I think of everything and nothing. I think of things that I don’t have time to think about when I’m looking for old dogs, lost socks, and lost souls.

My mind wanders the hills far beyond where my feet take me. Sometimes I see ghosts, but even they know not to bother me in my Vampire reveries.

At that place between the night and the day.

~ Juliette aka Vampire Maman

Charged Technology, and The Ancient Folks We Love

“Juliette, I am so glad to see you. Were you in the neighborhood?” Tellias took my face in his cool white hands and kissed my forehead.

“No,” I said. “I’ve been trying to get a hold of you for three days. Your phones go straight to voice mail. You never check your voice mail. You never check to see if your phones are charged. I was worried about you.”

Tellias said nothing about the phones, took my hand, and said, “Let’s go see Eleora. She’ll be glad to see you. She fell in a drainage ditch out in the pear orchard yesterday. I had to call John next door to come help me get her out.”

“Why didn’t you call me?”

Tellias gave me that annoyed look one gives children with annoying questions. “We got her out.”

He stood in front of me, his blue eyes looking brighter than usual, his white blonde hair hanging to his shoulders. Today he wore a Hawaiian shirt with big blue hibiscus flowers, and ancient worn out orange plaid Bermuda shorts, and his yellow flip flops.

Tellias and Eleora are old. They’re ancient old. Tellias is well over 2,000 and nobody really knows how old Eleora is. They looks as if they’re about twenty years old, but act like they’re in their nineties. For readers new here, I must explain that they’re Vampires. We all are. I’m the one who checks in on them, just as many of you check in on your elderly, or other family members with special needs and concerns.

Tellias and Eleora live on a farm along the Sacramento River, an hour drive from my home. I grew up running through their orchards, then new, and going to lavish parties at their home. The first house burned down, and was replaced with a lavish Queen Anne style Victorian mansion. But that is neither here nor there right now. They won’t plug charge their phones.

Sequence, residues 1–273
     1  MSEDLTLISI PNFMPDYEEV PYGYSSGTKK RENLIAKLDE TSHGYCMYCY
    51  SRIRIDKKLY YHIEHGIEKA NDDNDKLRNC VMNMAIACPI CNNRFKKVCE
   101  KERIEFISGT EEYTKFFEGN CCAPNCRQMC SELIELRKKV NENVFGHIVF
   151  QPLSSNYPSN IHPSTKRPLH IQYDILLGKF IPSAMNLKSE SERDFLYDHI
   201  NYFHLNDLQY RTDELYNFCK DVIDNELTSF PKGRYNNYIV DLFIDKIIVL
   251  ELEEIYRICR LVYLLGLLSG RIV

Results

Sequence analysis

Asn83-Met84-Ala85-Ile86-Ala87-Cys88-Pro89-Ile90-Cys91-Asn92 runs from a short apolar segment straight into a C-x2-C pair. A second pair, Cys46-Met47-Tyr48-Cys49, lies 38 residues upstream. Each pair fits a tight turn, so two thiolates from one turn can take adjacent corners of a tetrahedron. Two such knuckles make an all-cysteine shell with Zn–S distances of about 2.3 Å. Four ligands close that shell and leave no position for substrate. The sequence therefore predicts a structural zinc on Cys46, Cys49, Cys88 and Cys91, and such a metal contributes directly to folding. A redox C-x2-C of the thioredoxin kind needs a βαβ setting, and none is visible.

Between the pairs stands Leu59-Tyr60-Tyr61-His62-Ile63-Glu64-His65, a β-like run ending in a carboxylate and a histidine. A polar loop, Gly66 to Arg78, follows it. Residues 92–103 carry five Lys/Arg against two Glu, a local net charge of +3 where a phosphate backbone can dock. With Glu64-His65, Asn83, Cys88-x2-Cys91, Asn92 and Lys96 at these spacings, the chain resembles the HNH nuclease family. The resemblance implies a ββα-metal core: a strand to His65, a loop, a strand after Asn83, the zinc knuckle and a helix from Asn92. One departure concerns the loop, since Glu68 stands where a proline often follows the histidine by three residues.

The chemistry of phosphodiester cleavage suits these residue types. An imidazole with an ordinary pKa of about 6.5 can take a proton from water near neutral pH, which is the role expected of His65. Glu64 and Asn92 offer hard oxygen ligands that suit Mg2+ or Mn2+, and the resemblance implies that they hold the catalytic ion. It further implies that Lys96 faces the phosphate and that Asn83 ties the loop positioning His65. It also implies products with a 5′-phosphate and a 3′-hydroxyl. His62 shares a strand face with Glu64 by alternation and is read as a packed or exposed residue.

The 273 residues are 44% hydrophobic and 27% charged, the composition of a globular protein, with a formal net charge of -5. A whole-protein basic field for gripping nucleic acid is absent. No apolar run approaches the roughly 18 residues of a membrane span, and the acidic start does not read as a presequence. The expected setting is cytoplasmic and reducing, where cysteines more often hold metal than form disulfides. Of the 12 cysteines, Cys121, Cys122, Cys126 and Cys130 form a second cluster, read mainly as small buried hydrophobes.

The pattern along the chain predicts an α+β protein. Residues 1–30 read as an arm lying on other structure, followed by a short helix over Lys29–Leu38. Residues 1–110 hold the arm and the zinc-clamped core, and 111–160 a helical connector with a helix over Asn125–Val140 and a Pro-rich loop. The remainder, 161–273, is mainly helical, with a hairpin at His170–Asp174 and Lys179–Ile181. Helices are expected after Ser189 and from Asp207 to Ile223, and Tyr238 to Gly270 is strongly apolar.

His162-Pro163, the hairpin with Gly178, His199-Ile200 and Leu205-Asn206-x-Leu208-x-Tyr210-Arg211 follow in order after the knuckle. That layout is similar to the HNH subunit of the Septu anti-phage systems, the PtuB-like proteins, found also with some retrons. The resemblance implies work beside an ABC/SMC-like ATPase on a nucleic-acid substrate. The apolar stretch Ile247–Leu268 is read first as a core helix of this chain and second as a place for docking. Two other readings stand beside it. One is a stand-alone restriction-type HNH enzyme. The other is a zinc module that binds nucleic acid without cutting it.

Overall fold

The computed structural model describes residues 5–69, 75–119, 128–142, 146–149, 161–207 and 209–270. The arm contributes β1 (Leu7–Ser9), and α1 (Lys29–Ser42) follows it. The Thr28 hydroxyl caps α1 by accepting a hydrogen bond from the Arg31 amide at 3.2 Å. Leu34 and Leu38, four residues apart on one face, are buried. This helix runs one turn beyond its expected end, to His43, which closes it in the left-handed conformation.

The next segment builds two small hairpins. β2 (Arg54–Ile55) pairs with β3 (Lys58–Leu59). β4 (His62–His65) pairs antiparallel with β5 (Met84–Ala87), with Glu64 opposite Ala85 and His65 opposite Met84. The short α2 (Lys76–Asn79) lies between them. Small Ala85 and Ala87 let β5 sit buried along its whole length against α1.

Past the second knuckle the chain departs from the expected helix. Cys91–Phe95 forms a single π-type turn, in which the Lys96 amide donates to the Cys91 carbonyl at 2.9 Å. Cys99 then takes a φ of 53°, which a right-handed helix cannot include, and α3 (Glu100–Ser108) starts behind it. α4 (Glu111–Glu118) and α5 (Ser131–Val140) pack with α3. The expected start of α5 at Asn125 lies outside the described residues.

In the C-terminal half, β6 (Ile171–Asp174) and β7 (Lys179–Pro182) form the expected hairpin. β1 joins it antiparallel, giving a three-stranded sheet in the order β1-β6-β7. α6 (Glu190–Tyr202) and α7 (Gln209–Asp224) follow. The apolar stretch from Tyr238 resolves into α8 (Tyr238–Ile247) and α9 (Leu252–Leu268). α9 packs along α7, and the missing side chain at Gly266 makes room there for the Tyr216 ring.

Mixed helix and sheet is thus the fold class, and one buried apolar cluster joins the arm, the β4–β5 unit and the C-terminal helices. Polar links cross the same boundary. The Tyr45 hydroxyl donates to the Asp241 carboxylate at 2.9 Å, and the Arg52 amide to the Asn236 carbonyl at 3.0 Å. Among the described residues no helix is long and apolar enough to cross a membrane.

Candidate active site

In fact when I saw Eleora, lounging on a couch, in a polka dotted white and navy sun dress, with a pink pilled up sweater over it, she looked at me with sad eyes. Did she mention her fall? No.

She asked me, “Why don’t your brothers or your parents ever call me?”

“Because your phone is never charged and you don’t check your messages, and you don’t even use email anymore,” I said, trying to keep from yelling. “What were you doing out in the pear orchard, by the drainage ditch?”

“I was checking to see if there were any bums out there. They used to camp out there during the depression and they’re still camping along the river. Homeless.”

“What if you had found someone? What if they’d hurt you?” I asked.

“I’m a Vampire Juliette. I would have eaten them and torn their heads off.” Then she and Tellias laughed and then he took her hand and they danced around the room.

“She would have eaten them,” said Tellias.

“Every one of them,” said Eleora.

“Every one of them,” said Tellias.

“And torn their heads off,” said Eleora.

“She found a rake I’d lost about thirty years ago,” said Tellias.

“I told you I’d find it,” said Eleora.

“Glad you did,” I said. I really was. Eleora had been asking about the rake for the past thirty years, non-stop.

“It was rusted out,” said Eleora.

“I figured as much,” I said.

“Rusted out,” said Eleora.

“Has anyone seen my truck keys?” Asked Tellias.

“They’re hanging on the hook in the hallway,” I said.

“Oh. I swore I’d lost them,” said Tellias.

“Swore he’d lost them,” said Eleora.

“Lost them,” said Tellias.

I turned to see both of my kids, and my son’s best friend Randy, standing in the doorway with boxes from the car.